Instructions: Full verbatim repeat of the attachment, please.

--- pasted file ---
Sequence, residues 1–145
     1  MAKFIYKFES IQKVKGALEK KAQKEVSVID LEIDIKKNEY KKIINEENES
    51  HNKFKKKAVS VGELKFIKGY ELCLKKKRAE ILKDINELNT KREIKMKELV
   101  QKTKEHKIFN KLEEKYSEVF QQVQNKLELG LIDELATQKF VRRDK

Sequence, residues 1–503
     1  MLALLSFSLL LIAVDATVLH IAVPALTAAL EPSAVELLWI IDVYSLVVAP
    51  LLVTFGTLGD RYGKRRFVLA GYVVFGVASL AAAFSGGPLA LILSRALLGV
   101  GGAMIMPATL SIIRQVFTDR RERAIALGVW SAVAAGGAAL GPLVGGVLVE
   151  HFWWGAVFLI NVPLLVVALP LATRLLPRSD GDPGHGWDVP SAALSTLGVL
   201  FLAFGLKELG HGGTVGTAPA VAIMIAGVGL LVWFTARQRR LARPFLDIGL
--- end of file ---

Sequence, residues 1–145
     1  MAKFIYKFES IQKVKGALEK KAQKEVSVID LEIDIKKNEY KKIINEENES
    51  HNKFKKKAVS VGELKFIKGY ELCLKKKRAE ILKDINELNT KREIKMKELV
   101  QKTKEHKIFN KLEEKYSEVF QQVQNKLELG LIDELATQKF VRRDK

Sequence, residues 1–503
     1  MLALLSFSLL LIAVDATVLH IAVPALTAAL EPSAVELLWI IDVYSLVVAP
    51  LLVTFGTLGD RYGKRRFVLA GYVVFGVASL AAAFSGGPLA LILSRALLGV
   101  GGAMIMPATL SIIRQVFTDR RERAIALGVW SAVAAGGAAL GPLVGGVLVE
   151  HFWWGAVFLI NVPLLVVALP LATRLLPRSD GDPGHGWDVP SAALSTLGVL
   201  FLAFGLKELG HGGTVGTAPA VAIMIAGVGL LVWFTARQRR LARPFLDIGL